As for Arab nationalism, it has had little or no effect on the political identity of these states. They know full well that they do not wish to confront a three-dimensional Iran: Shia, nationalist and a nation state. Not to mention the fact that there is an imbalance between them and Iran in terms of military – and maybe nuclear – power.

This doesn’t mean that the balance of military power is resolutely in Iran’s favour, however. Decades of military and economic sanctions have worn down Iran’s military establishment as well as its economy. But the short of it is that the potential exists to engage in long-term wars of attrition which would be detrimental to both sides.

For the above reasons, it is important to push Iran and the Arabs towards mutual relations between nation states, rather than between nation states and an imperial expansionist state. Whilst this might sound far-fetched and utopian, it is, in essence, politic, pragmatic and possible; indeed it offers the only way we can spare the region total and long-term destruction.

Abandon claims to dominion

At the heart of this scenario is mutual recognition of sovereignty and the establishment of economic relations, which would contribute to stability and development in the Gulf and in Iran. Under-development and economic collapse are bound to give rise to radical and extremist policies that are mutually destructive.

Essayist Khaled Hroub (photo: Birzeit University)
One of the Arab worldʹs most respected opinion leaders: essayist and media scientist Khaled Hroub was formerly director of the Cambridge Arab Media Project. He also works as a consultant for the Oxford Research Group's (ORG) Middle East programme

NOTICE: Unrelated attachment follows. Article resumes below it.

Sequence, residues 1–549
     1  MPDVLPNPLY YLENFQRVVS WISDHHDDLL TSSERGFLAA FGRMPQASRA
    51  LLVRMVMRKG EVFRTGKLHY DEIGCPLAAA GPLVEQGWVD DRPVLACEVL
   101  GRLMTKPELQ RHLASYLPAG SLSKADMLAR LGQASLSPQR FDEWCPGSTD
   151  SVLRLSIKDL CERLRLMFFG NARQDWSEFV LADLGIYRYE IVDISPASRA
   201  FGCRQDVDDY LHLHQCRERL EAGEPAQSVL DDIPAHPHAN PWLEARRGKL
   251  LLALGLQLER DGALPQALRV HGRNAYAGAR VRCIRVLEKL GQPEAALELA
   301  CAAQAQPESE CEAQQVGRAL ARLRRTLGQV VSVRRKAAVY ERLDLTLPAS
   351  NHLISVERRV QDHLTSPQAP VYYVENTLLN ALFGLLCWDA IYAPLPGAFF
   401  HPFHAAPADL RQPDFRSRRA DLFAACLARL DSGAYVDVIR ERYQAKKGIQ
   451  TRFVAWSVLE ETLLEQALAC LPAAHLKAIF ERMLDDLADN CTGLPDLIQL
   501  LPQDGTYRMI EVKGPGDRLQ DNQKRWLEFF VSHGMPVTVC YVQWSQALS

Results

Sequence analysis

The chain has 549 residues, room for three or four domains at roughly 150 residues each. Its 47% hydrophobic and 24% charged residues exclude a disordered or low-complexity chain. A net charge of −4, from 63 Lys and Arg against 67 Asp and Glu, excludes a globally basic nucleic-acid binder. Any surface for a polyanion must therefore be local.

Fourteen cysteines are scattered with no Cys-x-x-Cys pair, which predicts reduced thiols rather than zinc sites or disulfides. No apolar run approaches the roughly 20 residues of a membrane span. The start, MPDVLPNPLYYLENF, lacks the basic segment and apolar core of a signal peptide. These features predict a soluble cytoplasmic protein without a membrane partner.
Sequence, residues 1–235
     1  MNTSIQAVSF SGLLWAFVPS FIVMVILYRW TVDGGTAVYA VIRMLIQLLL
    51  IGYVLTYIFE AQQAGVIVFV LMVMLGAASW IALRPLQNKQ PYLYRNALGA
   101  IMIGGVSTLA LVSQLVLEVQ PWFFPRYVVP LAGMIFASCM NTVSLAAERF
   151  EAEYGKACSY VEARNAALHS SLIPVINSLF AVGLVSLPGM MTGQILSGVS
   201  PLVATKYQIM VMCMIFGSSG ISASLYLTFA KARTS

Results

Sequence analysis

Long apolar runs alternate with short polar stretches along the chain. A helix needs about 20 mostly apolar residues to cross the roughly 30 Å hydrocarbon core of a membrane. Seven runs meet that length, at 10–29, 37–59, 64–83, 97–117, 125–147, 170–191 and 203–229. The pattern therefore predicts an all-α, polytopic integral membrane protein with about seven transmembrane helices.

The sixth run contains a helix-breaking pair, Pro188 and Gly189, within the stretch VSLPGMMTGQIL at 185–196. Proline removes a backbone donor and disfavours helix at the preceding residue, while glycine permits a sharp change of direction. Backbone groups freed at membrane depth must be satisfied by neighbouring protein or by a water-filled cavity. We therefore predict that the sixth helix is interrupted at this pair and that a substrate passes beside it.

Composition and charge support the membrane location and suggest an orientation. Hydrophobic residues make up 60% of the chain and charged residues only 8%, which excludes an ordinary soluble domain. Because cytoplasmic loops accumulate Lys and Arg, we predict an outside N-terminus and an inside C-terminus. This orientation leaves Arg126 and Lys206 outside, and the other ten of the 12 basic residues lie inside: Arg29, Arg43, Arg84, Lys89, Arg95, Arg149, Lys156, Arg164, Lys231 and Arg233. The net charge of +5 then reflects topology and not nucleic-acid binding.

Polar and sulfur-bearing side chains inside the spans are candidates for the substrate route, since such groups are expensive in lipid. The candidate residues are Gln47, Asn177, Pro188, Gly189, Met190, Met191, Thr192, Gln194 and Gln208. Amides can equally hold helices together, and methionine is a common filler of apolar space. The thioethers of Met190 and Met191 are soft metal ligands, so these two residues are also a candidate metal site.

It is not in the interest of the Arabs to have a nation state of Iran that is internally overstretched, economically destroyed and prone to extremist and expansionist tendencies. Equally, it is not in Iran’s interest to live beside Arab neighbours whose lives have been devastated in Iraq, the Gulf and Yemen, because this also means breeding religious and sectarian extremism ad infinitum. It is in the interest of both sides to move towards the logic of the nation state in order to rein in extremism and to pursue joint interests with their neighbours.

The current animosity between Iran and the Arabian Gulf is not on a par with the German-French or the German-British enmity in the wake of the First or Second World Wars, which resulted in more than a hundred million dead. Notwithstanding this – and only a few years after the end of the two wars – these very states engaged in regional economic and security arrangements based on shared interests, on making major concessions and on abandoning claims to and aspirations of influence and dominion.

The result was the establishment of the largest and most effective economic bloc in the world, namely the European Union. This European lesson offers us an enticing model worthy of deep consideration in order to transform enmity into co-operation. The Arab states and Iran can take one of two paths: they can keep going towards mutual destruction or embark upon co-operation.

Khaled Hroub

© Qantara.de  2018

Translated from the Arabic by Chris Somes-Charlton